And for some reason, this reality has left me in a funk.

I’ve never been afraid to be in one place. I’ve lived here in Georgia for more than a decade now, and while I’ve moved homes (a lot!), I’ve been here consistently. And I love it. I love the way community and longevity build roots in a place. 

And I like having roots. 

But roots don’t always make you feel like you’re home. And weirdly, I think home is still sort of what I’m looking for. 

It’s a strange thing to be 34 and still looking for your place. It’s a strange thing to be building a life for yourself, by yourself. It’s hard to fully embrace a place or a season when you feel like this picture of home you have in your mind isn’t what your life looks like now. Though I’m rooted, I don’t necessarily feel like I’m home. 

I think that’s what makes this season of being settled and kept in one place for the time being feel a little scary. Because when home doesn’t feel like home—when it doesn’t look the way you thought it would—it makes you wonder if maybe home is somewhere out there still.  

Over the years, my counselor has taught me to do this exercise she calls, “Looking forward to…” It’s essentially just a list of things that I have on the horizon of life that keep me excited about pressing on when things feel stressful, or heavy, or hard. The more steps forward I take, the closer I get to the next thing I’m looking forward to on that list. For me, nine times out of ten, those things have been travel related. 

I was talking to her last week about how much I wish I had unlimited funds to book a trip somewhere and add to my “Looking forward to” list. I told her how I’m so travel-sick that I’ve been randomly searching flights to places I’d love to go just in case. And I told her how unsettled I’ve felt in this season—how I’m struggling to feel at home.

Her response?

“I mean, do you ever think you’ll feel at home here?”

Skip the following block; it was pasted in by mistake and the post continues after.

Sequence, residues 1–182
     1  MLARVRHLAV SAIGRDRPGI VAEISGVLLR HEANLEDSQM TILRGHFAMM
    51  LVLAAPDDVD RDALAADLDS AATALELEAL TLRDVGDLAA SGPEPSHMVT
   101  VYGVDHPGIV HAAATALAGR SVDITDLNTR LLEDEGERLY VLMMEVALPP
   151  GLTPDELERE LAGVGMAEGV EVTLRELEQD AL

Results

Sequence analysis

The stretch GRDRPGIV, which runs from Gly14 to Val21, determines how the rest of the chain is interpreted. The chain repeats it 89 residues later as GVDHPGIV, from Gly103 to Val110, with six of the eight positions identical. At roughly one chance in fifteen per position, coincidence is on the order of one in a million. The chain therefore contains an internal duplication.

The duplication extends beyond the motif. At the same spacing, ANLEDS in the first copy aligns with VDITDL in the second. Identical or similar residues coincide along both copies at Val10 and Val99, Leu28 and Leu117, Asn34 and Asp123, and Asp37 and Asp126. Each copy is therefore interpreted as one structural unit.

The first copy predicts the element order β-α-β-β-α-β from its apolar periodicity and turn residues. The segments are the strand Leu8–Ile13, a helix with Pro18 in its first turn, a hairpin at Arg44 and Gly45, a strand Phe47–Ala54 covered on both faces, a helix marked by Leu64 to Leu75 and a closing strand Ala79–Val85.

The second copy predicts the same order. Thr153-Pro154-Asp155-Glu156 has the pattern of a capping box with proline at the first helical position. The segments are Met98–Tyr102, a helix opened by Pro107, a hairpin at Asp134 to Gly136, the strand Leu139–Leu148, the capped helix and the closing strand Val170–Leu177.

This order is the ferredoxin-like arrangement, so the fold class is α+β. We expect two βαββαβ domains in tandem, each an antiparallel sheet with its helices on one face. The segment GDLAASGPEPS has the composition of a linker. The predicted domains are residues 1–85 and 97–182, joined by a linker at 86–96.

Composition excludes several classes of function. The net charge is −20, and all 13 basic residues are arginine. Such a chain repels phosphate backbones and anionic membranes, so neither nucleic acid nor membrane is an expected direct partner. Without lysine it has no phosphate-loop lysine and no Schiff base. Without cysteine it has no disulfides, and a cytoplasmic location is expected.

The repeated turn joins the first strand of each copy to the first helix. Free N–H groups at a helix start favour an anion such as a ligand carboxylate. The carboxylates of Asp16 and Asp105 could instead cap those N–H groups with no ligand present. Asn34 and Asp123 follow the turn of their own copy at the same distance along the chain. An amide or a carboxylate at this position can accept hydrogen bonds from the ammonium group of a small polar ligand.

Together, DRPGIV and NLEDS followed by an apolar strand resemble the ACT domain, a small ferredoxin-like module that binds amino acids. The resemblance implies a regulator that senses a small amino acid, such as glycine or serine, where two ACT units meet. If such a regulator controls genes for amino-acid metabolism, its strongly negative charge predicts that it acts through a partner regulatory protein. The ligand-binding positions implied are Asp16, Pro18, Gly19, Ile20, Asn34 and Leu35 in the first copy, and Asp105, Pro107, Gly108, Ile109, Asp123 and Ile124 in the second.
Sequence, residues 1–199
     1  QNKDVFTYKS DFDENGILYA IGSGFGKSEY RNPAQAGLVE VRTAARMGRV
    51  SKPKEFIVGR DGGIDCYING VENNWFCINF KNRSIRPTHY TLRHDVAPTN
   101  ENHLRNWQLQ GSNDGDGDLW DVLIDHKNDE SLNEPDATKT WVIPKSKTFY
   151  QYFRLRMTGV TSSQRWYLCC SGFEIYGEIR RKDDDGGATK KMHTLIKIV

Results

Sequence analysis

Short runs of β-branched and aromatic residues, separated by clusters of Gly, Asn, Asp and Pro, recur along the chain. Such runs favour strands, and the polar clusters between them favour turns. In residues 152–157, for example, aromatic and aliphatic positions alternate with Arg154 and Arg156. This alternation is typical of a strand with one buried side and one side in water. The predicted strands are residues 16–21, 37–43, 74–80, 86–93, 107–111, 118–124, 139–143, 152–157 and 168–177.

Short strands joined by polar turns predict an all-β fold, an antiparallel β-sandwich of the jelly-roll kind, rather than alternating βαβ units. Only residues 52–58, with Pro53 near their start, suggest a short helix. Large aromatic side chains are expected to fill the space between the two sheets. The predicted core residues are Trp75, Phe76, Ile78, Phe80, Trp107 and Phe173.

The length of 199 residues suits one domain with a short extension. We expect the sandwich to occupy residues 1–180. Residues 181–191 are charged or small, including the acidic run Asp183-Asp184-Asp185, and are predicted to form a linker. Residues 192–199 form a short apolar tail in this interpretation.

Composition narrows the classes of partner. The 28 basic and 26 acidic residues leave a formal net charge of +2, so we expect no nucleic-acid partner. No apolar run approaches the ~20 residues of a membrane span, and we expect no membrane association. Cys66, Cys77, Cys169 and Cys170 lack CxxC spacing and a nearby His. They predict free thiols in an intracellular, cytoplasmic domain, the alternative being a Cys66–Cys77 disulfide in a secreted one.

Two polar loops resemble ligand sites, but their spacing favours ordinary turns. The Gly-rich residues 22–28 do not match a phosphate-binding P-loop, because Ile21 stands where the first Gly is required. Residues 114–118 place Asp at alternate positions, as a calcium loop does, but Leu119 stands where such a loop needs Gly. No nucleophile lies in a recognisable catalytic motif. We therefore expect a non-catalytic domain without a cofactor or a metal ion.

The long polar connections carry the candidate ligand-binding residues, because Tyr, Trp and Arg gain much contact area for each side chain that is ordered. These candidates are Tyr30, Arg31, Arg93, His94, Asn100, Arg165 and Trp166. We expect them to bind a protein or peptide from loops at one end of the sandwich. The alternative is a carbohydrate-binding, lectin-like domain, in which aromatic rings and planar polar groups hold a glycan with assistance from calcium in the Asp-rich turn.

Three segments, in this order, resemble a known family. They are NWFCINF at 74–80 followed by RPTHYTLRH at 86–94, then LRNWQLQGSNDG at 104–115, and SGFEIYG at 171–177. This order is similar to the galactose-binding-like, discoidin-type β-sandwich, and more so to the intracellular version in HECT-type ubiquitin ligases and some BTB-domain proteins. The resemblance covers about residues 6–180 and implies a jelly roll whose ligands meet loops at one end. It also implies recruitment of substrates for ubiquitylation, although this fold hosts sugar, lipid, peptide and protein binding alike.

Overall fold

She didn’t mean Georgia. She and I both know that, despite the fact that life doesn’t look the way I thought it would, I do feel rooted and settled here. No, she meant here on Earth.

Don’t worry, this isn’t the part where I start talking aliens, and space, and other lives, and other worlds, and stuff like that. I’m just saying that, if you think about it, in some ways we’re all just wandering travelers here, looking for a place to call home. And just like Goldilocks and her three bears, there’s just something about life on Earth that will never quite fit. It just won’t feel like home.

And I don’t think it’s supposed to. We weren’t made for this world, and because of that, we’re always going to feel a little unsettled and out of place. 

So what do we do? Well, as my counselor says, we make the best of where we are. We stay when we’re called to stay. We go when we’re supposed to go. We experience and soak in what’s around us right where we are. We bloom where we’re planted, even if the garden looks a little different than we thought it would. We look forward to what’s ahead, but we also look forward to what’s around us in the here and now. 

We find home in who we are. 

On a whim, I bought new luggage this week. When it was delivered to my doorstep, I opened it with so much expectation. I hope it takes me to a lot of new places and faces and experiences this year. I hope it goes with me on adventures not even on the calendar yet. 

But I also know that it will fit just right in the corner of my closet when I unpack it where I am now.


Sara Shelton